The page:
Obama and Romney on gay rights
WASHINGTON (AP) — President Barack Obama and Republican challenger Mitt Romney on gay rights:
OBAMA: Now supports legal recognition of same-sex marriage, a matter decided by states. Opposed that recognition in 2008 presidential campaign — and in 2004 Senate campaign — while supporting the extension of legal rights and benefits to same-sex couples in civil unions. Achieved repeal of the military ban on openly gay service members. Has not achieved repeal of the Defense of Marriage Act, which denies federal recognition of same-sex marriages and affirms the right of states to refuse to recognize such marriages. Administration has ceased defending the law in court but it remains on the books.
Directed the government to require all hospitals that get Medicare and Medicaid financing to grant visitation privileges to gay and lesbian partners of patients. But has declined to issue an executive order barring federal contractors from discriminating against gay employees, holding out instead for congressional action to extend such protection to workers in all sectors.
In 1996 Illinois state Senate campaign, stated "I favor legalizing same-sex marriages," a position he later abandoned at the federal level and now embraces again.
"I've just concluded that for me personally it is important for me to go ahead and affirm that I think same-sex couples should be able to get married," he said Wednesday.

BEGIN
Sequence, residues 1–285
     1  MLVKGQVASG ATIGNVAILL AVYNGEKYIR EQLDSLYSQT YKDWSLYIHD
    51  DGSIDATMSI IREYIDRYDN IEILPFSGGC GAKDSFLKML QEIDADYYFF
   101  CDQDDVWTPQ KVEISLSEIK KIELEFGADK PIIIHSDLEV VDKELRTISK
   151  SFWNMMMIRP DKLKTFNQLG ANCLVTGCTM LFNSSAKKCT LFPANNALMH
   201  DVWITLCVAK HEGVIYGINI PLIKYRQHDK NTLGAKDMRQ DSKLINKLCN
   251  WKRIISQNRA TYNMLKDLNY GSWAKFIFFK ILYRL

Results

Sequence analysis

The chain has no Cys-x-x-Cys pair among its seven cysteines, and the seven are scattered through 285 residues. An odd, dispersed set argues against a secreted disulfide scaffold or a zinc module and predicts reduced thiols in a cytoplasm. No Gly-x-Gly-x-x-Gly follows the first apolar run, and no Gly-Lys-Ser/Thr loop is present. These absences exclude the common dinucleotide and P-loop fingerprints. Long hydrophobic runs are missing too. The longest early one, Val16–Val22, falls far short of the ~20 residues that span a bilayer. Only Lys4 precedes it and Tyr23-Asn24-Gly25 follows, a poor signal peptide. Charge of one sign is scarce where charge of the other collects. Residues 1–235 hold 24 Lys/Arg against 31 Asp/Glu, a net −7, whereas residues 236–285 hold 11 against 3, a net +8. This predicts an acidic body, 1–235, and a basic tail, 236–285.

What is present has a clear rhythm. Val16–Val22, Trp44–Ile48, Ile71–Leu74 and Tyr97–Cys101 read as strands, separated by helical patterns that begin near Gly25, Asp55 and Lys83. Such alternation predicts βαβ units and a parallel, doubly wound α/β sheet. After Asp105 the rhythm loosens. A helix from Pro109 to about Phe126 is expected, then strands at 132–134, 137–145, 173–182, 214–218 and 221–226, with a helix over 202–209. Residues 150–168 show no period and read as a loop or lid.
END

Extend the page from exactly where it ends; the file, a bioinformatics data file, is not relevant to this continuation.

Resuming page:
ROMNEY: Opposes legal recognition of same-sex marriage and says it should be banned with a constitutional amendment, not left to states. "Marriage is not an activity that goes on within the walls of a state." Also opposes civil unions "if they are identical to marriage other than by name," but says states should be left to decide what rights and benefits should be allowed under those unions. Says certain domestic partnership benefits —largely unspecified — as well as hospital visitation rights are appropriate but "others are not."
Says he would not seek to restore the ban on openly gay military members.
Asserted in 2002 campaign for Massachusetts governor that "all citizens deserve equal rights, regardless of sexual preference," in tune with statements years earlier as a Senate candidate that equality for gays and lesbians should be a "mainstream concern." But did not explicitly support marriage recognition and, as governor, opposed same-sex marriage when courts legalized it in Massachusetts.
"My view is that marriage itself is between a man and a woman," he said Wednesday.